Outgoing Fisheries Service director William T. Hogarth writes in The Washington Post on December 29 (http://www.washingtonpost.com/wp-dyn/content/article/2007/12/28/AR2007122802570.html?sub=AR) that his agency “has followed recommendations from top scientists for managing the bluefin tuna.”
Not so. Since 1982, when scientists recommended a “near-zero” quota, fisheries managers in his agency and internationally have often set much higher quotas than scientists have recommended. His agency ignores many top scientists consistently calling for reduced quotas and closed spawning areas. Bottom line: by ignoring real science he and other managers have failed so acutely that the U.S. catch has dropped 90% inside of five years. A very real threat of extinction now looms for one of the largest fish in the sea, while fishermen go out of business.
Yes, European countries’ fishing is out of control. But that’s not why our fish are disappearing. Some of the science Hogarth and his advisors are ignoring is tagging data showing that the fish originating in U.S. waters tend to stay here. Only about 10 percent of our fish go east. Meanwhile, many European fish come here. That European “subsidy” means our own fish are in even sharper decline than the 90-percent drop in U.S. catch suggests. What Hogarth calls the “few bluefin” caught in the Gulf of Mexico spawning area are the last few breeders in our population.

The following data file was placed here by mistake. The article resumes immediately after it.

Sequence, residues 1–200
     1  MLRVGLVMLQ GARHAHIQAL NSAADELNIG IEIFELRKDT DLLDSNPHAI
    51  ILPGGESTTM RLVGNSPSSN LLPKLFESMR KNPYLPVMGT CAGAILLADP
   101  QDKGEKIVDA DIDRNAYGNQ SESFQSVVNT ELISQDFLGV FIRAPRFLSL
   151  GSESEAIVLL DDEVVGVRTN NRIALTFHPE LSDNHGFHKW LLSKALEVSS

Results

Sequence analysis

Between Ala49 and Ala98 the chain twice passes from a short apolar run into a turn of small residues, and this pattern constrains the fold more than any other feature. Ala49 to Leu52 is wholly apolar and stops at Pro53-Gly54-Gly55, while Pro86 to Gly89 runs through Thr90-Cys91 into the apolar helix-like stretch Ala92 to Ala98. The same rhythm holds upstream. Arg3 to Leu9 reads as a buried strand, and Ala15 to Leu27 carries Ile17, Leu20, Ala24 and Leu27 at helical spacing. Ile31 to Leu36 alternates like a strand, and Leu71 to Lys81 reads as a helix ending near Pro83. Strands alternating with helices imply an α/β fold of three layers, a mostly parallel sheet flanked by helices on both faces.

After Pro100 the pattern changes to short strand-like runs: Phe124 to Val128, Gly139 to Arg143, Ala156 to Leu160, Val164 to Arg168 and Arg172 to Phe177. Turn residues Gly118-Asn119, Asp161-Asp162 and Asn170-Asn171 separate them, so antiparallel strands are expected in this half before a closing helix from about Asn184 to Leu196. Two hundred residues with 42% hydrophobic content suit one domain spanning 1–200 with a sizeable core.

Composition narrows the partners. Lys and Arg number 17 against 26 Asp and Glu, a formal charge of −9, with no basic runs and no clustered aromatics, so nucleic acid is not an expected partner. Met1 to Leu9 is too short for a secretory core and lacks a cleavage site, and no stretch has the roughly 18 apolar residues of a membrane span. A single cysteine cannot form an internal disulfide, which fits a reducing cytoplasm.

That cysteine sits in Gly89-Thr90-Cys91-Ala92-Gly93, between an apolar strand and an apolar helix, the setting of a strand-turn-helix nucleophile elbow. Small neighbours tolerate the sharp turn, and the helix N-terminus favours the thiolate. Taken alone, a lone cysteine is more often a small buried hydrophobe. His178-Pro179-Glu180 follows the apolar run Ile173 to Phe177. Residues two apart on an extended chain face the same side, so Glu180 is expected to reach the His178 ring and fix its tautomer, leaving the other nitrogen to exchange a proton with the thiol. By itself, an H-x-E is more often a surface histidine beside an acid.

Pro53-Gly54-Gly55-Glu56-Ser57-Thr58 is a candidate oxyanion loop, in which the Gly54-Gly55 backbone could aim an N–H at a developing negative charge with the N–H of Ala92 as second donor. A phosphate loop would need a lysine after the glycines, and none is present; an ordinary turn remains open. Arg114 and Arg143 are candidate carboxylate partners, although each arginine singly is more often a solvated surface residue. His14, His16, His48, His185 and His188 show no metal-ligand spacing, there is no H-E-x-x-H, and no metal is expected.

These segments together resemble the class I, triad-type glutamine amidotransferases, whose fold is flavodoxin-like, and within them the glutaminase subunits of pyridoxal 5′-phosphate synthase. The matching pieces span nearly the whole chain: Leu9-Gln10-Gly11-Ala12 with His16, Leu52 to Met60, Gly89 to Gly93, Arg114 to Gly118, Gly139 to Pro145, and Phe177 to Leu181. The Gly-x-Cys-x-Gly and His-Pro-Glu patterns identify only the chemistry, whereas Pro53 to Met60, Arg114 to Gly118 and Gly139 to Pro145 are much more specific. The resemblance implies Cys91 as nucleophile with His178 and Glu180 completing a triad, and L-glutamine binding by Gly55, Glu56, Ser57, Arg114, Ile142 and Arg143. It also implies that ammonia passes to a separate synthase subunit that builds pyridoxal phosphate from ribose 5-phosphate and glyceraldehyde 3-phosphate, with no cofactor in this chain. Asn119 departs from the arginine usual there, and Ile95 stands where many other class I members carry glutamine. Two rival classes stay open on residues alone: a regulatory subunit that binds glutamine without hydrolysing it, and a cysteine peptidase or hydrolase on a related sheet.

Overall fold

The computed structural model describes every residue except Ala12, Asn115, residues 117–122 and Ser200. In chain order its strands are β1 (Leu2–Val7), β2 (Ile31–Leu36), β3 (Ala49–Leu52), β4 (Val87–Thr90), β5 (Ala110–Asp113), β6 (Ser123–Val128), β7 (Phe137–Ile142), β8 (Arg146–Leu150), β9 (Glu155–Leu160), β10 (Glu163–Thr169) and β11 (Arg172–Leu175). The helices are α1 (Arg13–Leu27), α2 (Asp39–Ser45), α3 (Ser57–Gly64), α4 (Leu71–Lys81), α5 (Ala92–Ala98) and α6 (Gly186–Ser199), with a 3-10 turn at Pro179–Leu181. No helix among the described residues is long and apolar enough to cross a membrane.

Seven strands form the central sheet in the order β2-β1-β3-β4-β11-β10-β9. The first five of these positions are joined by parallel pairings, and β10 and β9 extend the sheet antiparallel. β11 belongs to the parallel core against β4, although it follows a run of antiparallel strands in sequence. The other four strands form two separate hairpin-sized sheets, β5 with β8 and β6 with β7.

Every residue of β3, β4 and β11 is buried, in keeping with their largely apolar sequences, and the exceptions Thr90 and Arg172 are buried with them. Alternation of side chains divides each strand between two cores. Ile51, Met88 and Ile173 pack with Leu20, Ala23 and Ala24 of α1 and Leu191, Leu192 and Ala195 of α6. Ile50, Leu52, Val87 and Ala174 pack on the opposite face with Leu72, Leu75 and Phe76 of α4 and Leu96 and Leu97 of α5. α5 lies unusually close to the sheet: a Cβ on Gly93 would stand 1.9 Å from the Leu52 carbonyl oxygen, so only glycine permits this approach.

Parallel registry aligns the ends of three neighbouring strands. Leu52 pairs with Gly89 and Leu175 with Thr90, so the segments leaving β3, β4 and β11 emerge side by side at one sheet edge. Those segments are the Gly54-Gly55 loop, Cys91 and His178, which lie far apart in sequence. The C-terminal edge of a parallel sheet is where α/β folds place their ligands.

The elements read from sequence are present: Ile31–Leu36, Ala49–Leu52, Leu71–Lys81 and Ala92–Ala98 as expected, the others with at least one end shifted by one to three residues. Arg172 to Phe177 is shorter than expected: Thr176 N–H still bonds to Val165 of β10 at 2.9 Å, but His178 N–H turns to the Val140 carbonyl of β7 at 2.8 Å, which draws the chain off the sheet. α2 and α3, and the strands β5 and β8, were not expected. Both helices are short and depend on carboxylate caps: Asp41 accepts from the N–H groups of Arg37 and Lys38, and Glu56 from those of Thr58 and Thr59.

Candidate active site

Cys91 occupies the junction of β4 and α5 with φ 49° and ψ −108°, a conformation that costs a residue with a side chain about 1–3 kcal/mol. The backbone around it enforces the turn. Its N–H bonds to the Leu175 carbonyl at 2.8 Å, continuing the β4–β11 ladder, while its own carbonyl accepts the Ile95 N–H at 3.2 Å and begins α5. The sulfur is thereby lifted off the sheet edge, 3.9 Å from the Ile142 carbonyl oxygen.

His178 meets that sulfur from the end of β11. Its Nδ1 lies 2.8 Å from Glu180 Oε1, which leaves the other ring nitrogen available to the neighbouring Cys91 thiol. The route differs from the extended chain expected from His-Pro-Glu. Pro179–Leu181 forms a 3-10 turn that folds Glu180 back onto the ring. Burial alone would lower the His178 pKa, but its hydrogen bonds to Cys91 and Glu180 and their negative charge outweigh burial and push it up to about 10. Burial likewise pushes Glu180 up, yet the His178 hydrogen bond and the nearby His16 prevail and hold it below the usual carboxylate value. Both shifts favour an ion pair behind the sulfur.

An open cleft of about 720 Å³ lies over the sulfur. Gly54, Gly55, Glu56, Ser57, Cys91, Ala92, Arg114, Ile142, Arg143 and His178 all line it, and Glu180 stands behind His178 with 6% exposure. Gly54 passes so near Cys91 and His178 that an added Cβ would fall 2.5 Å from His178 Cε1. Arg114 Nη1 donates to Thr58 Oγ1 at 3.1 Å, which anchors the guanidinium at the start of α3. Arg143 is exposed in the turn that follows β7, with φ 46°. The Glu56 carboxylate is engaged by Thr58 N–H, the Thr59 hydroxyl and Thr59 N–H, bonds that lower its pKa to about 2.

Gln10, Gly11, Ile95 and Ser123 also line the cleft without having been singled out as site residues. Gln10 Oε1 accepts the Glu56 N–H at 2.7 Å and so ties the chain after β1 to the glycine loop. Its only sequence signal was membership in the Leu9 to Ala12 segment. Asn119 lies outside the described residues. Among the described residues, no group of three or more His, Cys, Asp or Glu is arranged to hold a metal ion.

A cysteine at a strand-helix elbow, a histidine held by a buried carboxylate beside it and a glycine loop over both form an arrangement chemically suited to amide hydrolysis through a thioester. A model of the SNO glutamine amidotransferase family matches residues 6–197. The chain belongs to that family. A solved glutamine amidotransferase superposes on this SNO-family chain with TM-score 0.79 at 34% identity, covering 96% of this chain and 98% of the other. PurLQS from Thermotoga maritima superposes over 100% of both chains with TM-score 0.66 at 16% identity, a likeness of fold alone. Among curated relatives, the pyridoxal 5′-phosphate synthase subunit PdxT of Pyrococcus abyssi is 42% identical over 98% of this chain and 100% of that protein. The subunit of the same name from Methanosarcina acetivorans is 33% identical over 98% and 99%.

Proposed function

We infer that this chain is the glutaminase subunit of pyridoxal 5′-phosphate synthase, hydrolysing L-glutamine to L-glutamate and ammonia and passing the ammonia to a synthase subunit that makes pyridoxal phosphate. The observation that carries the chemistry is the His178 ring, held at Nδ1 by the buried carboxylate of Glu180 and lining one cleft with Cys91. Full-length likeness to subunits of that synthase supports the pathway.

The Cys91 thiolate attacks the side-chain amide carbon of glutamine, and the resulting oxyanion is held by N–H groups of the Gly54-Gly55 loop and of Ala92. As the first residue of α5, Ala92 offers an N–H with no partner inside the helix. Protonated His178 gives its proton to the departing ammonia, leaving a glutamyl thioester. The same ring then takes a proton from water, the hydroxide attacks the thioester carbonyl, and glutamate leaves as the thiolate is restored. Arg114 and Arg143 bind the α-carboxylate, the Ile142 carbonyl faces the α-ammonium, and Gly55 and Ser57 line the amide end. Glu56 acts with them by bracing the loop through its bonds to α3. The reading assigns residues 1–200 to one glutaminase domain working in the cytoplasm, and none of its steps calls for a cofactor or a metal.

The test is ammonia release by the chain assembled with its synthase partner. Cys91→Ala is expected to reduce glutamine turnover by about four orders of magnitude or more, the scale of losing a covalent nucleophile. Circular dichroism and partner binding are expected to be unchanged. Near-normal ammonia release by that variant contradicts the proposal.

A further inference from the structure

Hogarth’s agency insists on allowing boats to fish there because pointing fingers at Europe’s mismanagement is easier than taking action. Letting our boats go out of business and our giant tuna go extinct is negligent management that ignores science, sense, and the law. Dr. Hogarth is missing his opportunity to do the right thing before he leaves the agency.
For more on the beleaguered Bluefin, see http://www.washingtonpost.com/wp-dyn/content/article/2007/12/23/AR2007122301515.html